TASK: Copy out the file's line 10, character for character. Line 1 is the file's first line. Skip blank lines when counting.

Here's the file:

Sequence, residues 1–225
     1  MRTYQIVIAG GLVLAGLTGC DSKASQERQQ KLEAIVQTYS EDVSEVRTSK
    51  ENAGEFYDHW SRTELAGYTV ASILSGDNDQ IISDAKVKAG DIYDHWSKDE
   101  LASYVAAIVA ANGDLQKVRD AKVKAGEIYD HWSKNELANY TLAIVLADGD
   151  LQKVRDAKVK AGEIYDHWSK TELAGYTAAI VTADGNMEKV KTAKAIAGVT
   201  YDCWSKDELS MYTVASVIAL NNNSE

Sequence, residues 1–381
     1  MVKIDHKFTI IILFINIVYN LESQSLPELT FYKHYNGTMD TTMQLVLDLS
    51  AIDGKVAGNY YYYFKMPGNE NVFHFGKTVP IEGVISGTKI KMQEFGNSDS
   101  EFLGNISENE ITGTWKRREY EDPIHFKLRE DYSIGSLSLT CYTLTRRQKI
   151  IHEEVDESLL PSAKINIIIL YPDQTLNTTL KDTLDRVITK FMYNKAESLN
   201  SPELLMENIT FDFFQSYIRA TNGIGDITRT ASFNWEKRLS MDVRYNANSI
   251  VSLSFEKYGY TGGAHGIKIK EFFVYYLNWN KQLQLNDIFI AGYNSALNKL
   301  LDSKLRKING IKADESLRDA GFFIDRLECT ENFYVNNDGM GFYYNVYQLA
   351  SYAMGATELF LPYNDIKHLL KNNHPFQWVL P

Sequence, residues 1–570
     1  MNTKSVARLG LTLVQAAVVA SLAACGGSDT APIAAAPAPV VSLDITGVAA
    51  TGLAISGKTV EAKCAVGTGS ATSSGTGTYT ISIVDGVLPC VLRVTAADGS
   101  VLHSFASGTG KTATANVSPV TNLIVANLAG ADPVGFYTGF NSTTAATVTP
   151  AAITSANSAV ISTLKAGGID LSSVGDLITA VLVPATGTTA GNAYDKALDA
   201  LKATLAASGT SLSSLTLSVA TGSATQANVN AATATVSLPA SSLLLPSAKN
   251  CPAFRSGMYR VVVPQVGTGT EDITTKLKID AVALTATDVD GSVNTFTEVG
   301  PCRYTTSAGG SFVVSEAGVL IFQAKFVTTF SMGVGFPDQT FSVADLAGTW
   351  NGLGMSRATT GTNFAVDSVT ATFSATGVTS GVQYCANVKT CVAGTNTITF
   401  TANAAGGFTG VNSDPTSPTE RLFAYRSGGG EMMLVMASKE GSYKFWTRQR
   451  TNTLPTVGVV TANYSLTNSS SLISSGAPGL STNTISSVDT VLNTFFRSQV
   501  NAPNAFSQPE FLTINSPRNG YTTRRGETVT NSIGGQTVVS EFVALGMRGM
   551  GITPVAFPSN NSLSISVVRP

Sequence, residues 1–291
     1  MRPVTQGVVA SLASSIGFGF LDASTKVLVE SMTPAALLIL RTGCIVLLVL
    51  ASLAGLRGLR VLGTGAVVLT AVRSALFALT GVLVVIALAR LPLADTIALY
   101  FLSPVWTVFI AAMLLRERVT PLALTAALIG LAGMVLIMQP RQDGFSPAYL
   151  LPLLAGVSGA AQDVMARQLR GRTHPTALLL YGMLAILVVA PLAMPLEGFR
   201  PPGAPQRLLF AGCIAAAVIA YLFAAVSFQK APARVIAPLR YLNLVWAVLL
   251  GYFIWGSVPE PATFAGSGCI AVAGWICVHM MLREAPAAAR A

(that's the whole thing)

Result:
   101  EFLGNISENE ITGTWKRREY EDPIHFKLRE DYSIGSLSLT CYTLTRRQKI